Tag Archives: telehealth

Doing OT Telehealth? Start Cooking (And Baking)!

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Parents are looking for ways to survive the lockdown without daycare and preschool.  Even the easiest child is starting to chafe under the oppression of the COVID quarantine.  As an OT, it is my job to help parents support growth and development, but I don’t have to make it feel like work.

Enter cooking and baking as OT activities!

The simplest recipe I know has two ingredients and cannot be ruined unless you step on it:  Chocolate rolls.

You need:

  • Baking sheet, preferably non-stick or lined with parchment paper.  This dough is sticky, and the melted chips are a pain to clean off a surface.
  • Work surface: possibly another baking sheet, non-stick foil, or parchment paper.  
  • One container of crescent rolls (8 to a package, usually) Keep it cold until you are going to use it.  When it gets warm it gets very goey.  Kids either love it and mash it about, or won’t touch it.
  • 1 to 1 1/2 cups chocolate chips, separated into two small bowls.  You will need only about 1 cup, but have extra since kids will taste a few.  Or a lot.  A mom only had a chocolate bar, and she broke it up into small pieces.  I think she needed to smash something that day!   COVID has made us adaptable….

DIRECTIONS:

Preheat the oven to 350 degrees F.

Unroll two triangles of dough, one for the adult, and one for the child.

Demonstrate how to gently push the chips into the dough, then roll up, starting at the wider end.  Assist your child to imitate you. Don’t over-fill with chips.   If it becomes a squishy mess when they roll it up, don’t panic.  This will bake off just fine.  I promise.

Repeat with all dough triangles.

Place both rolls on the baking sheet, and once filled, place the baking sheet on the center rack of the oven.

Bake for about 8-12 minutes or just until the bottom of the rolls turns light golden brown.  You will have to check them after 8 minutes, as they bake quickly.  They keep baking a bit after you take them out of the oven, and if you overbake, you will have 8 chocolate hockey pucks.

Cool and enjoy!

NOTES:

I ALWAYS make a recipe by myself first before baking with kids.  Why?  Two reasons:

  1. I need to know what can go wrong and how my oven responds.  Every minute counts in baking.  Kids take failure personally, so I want to make mistakes and fix them before I ask a child to try a recipe out.
  2. You have a finished product to show them.  Young children cannot look at dough and chips and imagine what it will be like when it is done.  Showing them the actual, real, tasty end product makes it understandable to them.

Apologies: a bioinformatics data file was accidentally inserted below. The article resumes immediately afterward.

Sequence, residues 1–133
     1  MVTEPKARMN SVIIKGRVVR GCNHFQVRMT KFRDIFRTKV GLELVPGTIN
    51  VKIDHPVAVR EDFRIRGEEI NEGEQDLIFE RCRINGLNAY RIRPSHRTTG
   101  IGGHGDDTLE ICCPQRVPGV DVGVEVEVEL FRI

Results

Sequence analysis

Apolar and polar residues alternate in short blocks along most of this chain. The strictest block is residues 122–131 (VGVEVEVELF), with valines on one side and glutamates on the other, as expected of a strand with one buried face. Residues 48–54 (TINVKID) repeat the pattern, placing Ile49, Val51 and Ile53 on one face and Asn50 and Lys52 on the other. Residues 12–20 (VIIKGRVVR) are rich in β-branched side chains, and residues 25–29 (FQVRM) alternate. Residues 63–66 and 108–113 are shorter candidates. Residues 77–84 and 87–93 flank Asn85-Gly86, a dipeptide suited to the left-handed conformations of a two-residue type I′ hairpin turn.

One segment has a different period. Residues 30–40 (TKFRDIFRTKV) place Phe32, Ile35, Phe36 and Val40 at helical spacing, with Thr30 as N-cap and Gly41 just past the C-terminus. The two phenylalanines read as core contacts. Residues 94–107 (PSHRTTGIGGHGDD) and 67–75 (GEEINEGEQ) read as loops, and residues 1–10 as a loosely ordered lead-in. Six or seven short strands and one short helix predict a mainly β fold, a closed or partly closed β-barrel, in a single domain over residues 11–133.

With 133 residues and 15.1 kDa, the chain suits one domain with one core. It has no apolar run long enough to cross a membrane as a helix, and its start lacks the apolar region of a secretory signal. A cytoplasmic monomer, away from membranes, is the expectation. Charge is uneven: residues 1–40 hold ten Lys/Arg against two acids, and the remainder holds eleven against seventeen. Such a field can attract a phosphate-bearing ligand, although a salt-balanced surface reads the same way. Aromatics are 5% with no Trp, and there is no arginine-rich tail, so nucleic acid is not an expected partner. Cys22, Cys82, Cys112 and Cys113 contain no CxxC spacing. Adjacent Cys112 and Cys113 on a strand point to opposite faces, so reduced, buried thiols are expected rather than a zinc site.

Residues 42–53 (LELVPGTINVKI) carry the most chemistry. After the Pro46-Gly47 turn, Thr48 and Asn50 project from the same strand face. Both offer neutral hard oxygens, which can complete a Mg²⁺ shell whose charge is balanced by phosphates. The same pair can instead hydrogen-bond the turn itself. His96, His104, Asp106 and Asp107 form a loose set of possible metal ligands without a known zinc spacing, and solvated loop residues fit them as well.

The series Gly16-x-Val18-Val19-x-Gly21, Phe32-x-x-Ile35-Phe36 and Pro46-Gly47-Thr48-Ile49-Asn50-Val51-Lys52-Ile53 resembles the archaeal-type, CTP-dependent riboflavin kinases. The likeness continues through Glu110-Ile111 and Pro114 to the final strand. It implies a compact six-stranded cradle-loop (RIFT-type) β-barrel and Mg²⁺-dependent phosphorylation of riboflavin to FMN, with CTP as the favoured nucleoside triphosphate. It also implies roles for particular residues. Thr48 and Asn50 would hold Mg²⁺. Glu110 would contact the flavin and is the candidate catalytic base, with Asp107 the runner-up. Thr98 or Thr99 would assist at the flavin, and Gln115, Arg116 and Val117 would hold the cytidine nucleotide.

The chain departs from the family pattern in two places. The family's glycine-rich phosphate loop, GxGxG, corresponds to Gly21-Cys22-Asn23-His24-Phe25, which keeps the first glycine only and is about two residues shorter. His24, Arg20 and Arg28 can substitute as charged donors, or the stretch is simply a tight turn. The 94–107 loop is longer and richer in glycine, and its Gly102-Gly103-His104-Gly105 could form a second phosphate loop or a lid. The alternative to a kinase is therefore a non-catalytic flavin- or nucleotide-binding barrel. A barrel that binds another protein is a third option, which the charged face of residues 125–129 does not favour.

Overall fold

Is your child likely to snack on the supplies?  Use an “eating bowl”.  I often tell parents to assemble a small amount of chocolate chips in a separate bowl and designate this as an “eating bowl”.  Rather than criticize a child’s desire to sample, they can eat from this bowl without altering the amount needed for the recipe.  Even Julia Child liked to snack on her supplies!!

If you want to get fancy, you can place a few raspberries at the wide end of the dough.   Toddlers and preschoolers aren’t gourmets, and they can reject things that aren’t simple, so don’t insist that they copy you.  But this is a way to expand a child’s awareness of food variety as well as make your chocolate roll tastier.

 

 

 

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Child Struggling With Pencil Grasp During COVID-19? Flip Crayons Restore Skills

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All of my kindergarten clients and some of my preschool clients are using them.  None of them are backtracking into a fisted grasp with pre-writing or early handwriting.  Flip crayons from Learning Without Tears (formerly Handwriting Without Tears) are one of those simple grasp development strategies that keep on giving.

Why?  Their design does all the work for me.  Well, almost all the work.

Flip crayons have the same diameter of a standard school crayon, not a toddler crayon, or those ridiculous and useless egg/fingertip crayons Egg Crayons or Fingertip Crayons: When Good Marketing Slows Down Fine Motor Skill Development  .  They are shorter, so they do not allow a fisted grasp or even a palmer pronate grasp.  The crayon demands finer grasp, not the adult.

Selling an item to a child is important. They have to want to try these out.   I “sell” them as kindergarten crayons.  Every preschooler wants access to something they think is for older kids.  Their unique appearance is almost always appealing to kids.  I have met very few rigid kids, even with ASD, that are unwilling to give them a try.  Within a month of regular use, I see huge improvements in grasp without manhandling a child, begging them to “fix your fingers”,  or any of the other methods to address grasp issues.

COVID-19 is dragging us all down.  Why work harder than you have to?  I need children’s parents to see me as a problem solver, not someone asking them to work harder.  Flip crayons are an easy answer to a challenging problem.  I have another huge box of them sitting in my office to drop off as “gift baggies” at the end of the month!

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